I've been using Dropbox and Google Calendar for as long as I can remember and I've rarely had any problems with them. As a matter of a fact both products work great, offer free service and have saved my ass on few occasions. Sounds too good? Yeah... The old truth still stands: If you're not paying for it; You're the product (and sometimes even if you're paying). The part of me that is concerned about privacy issues has never liked the situation but I've argued that the benefits are greater than lack of privacy. Also lately I've been syncing more files to my Dropbox and my free disk quota is running out. Therefore I need to either find a better alternative or start paying for the service. Well yesteday I had some free time on my hands and decided to look for an alternative to Dropbox. Ideal replacement should be easy to use, work well and preferably be open souce. It didn't take me long to bump into ownCloud.

At first sight ownCloud looked great: nice user inteface, open source, media streaming, suppot for applications and most importantly solid enough to have multiple companies offering services using ownCloud. Let's take ownCloud into a test as I happen to have some extra web space. I have to say though that ownCloud uses the word cloud pretty vaguely as by default ownCloud is installed on one server and the support for external storage is only an experimental feature.

Installation itself was pretty straightforward. I simply downloaded the latest ownCloud from their install page and extracted it on my server. Next I navigated to /owncloud/ and created the admin user. Everything went smoothly and I thought that the installation was successful as I managed to import my calendar and contacts from google and create files and folders with the web ui. However when I tried to configure desktop sync client to work with my ownCloud installation, things didn't go as planned. The sync client accepted my credentials during the initial setup but complained that credentials were invalid when ever it tried to sync.

To make WebDAV work I had to edit the .htaccess file in the installation directory.

I changed the existing

<IfModule mod_rewrite.c>
RewriteEngine on
RewriteRule .* - [E=HTTP_AUTHORIZATION:%{HTTP:Authorization}]
RewriteRule ^.well-known/host-meta /public.php?service=host-meta [QSA,L]
RewriteRule ^.well-known/carddav /remote.php/carddav/ [R]
RewriteRule ^.well-known/caldav /remote.php/caldav/ [R]
RewriteRule ^apps/([^/]*)/(.*\.(css|php))$ index.php?app=$1&getfile=$2
RewriteRule ^remote/(.*) remote.php [QSA,L]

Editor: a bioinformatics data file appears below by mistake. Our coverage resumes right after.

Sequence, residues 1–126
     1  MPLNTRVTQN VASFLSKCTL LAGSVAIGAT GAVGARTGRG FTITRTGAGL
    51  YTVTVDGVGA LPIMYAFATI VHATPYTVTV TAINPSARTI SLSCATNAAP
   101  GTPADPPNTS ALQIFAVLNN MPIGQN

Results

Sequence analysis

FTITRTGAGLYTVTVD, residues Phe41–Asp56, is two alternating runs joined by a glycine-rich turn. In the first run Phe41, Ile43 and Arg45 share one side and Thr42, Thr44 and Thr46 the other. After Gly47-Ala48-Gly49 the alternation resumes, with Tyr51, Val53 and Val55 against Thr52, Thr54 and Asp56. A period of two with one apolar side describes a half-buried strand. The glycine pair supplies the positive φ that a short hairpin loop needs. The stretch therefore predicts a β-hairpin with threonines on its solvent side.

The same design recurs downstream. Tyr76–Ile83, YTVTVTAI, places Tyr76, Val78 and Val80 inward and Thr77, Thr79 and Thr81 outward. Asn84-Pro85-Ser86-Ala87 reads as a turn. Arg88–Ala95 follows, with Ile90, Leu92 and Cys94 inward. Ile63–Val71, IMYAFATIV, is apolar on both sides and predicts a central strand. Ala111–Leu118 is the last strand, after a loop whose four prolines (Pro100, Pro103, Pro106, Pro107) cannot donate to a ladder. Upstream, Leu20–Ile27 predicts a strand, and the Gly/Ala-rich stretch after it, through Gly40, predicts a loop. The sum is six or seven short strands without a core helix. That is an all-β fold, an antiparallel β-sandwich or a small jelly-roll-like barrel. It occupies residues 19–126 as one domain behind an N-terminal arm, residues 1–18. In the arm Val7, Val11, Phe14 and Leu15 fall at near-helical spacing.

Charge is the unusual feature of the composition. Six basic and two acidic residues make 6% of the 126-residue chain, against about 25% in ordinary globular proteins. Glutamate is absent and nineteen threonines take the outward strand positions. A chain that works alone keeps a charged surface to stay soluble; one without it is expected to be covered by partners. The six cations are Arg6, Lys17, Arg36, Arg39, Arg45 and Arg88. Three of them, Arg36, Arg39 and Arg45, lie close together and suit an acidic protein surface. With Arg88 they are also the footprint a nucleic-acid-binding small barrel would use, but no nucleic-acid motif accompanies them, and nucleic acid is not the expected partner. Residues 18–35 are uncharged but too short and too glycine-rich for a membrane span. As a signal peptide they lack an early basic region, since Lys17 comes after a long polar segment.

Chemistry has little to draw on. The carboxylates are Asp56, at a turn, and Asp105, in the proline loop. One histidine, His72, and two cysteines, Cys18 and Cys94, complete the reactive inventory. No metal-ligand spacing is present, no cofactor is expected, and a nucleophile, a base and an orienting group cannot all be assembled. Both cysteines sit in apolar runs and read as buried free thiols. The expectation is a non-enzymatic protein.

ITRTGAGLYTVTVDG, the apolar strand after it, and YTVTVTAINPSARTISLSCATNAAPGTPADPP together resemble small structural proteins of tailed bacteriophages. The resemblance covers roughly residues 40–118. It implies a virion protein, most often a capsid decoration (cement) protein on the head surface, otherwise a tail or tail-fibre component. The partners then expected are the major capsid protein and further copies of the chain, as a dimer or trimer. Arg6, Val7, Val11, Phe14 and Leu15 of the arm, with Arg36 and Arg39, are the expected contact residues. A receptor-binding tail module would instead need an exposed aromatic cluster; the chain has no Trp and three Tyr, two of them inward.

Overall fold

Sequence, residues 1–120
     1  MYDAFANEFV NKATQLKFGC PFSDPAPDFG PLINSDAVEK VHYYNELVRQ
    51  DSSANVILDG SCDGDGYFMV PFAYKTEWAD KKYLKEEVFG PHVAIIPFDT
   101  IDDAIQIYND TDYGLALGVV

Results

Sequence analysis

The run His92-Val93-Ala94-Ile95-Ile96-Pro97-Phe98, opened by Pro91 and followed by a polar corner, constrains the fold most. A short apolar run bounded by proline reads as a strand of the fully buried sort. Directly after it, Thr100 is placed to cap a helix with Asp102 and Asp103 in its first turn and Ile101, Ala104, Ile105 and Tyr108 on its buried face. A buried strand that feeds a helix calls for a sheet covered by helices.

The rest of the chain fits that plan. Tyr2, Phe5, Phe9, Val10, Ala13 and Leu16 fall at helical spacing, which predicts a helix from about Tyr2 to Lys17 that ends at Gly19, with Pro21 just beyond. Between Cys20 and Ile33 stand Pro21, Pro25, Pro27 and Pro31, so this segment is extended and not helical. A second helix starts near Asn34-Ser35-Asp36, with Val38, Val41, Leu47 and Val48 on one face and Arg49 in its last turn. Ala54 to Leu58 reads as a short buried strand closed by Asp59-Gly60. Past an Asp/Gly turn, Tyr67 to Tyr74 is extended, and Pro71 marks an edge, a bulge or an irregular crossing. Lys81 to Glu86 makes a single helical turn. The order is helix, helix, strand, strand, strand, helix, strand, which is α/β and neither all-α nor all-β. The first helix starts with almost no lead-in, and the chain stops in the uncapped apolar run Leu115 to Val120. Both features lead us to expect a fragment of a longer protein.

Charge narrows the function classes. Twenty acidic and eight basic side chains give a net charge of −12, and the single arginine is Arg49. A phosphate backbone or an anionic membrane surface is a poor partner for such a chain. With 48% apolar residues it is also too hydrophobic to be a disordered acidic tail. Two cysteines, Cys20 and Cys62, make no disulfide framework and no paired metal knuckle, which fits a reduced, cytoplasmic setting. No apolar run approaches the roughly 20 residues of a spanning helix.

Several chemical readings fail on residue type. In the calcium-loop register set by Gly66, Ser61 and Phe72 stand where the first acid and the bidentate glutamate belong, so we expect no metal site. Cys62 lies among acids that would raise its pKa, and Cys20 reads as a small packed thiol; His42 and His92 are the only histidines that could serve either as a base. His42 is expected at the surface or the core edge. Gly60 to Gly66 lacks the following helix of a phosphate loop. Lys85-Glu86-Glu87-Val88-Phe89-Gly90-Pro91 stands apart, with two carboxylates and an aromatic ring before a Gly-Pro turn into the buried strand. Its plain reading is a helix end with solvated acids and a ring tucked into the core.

<IfModule mod_rewrite.c>
RewriteEngine on
RewriteRule .* - [E=HTTP_AUTHORIZATION:%{HTTP:Authorization},L]
RewriteRule ^.well-known/host-meta /public.php?service=host-meta [QSA,L]
RewriteRule ^.well-known/carddav /remote.php/carddav/ [R]
RewriteRule ^.well-known/caldav /remote.php/caldav/ [R]
RewriteRule ^apps/([^/]*)/(.*\.(css|php))$ index.php?app=$1&getfile=$2
RewriteRule ^remote/(.*) remote.php [QSA,L]

Spotting the difference is left as an exercise. :D Nah, just kidding it's the HTTP_AUTHORIZATION line and the added ,L at the end.

One problem solved but then apache started complaining about permissions.

[Thu Jan 10 23:51:14 2013] [error] [client] client denied
by server configuration: <INSTALL_DIR>/owncloud/remote.php

As as solution I added to the .htaccess file following lines.

Order allow,deny
Allow from all

Voilá and the sync client managed to synchronize everything.

Next step is to configure my desktop and mobile calendar, email client and mobile phone for contacts and of course sync client to synchronize everything important. I have to test ownCloud for few months until I'm confident enought to ditch my current solutions but so far everything looks great.

My first patch to GNOME

Written by Janne Haapsaari in GNOME on Sun 16 December 2012. Tags: linux, open source, gnome, programming,

I've used open source software for many years now but I haven't really contributed back to any of the open source communities. I have filled some bug reports but other than that I've been simply a happy (and sometimes less happy) user. However yesterday I took the first step by doing tiny tiny contribution to GNOME or to be specific to gnome-session. The funny thing is that it was all because of selfish reasons.

I was writing my script called osinfo and found out that gnome-session gave exit value 1 when called with --version argument. This was easily tested doing the following.

[haaja@jarvis ~]$ gnome-session --version
gnome-session 3.6.2
[haaja@jarvis ~]$ echo $?

Exit value 1 with non-error cases is problematic because usually exit values other than 0 are interpreted as an error. This was also the case with Python's subprocess module and specifically its check_output function.

Since I knew that this was trivial to fix I thought that I might just as well fix it. The problem was that I had never before contributed to GNOME so I had no clue how and where to send patches. Luckily after some help from google and I was directed to their bugzilla. ~~Unfortunately GNOME documentation isn't the easiest for the beginner because they are quite dated and I really didn't want setup IRC client to join their IRC channels and ask for help.~~ So I spent most of the time browsing their bugzilla and reading git logs to determine conventions used for commit messages and bug reports.

EDIT: I finally did find the documentation Contributing patches.

Finally I created a bug report and attached a patch for the bug. Few minutes later one of the developers reviewed my patch and a while later I received email that my patch was committed to the master branch. Everything went smoothly and surprisingly fast so I might just do this again next time I find something that bothers me in GNOME.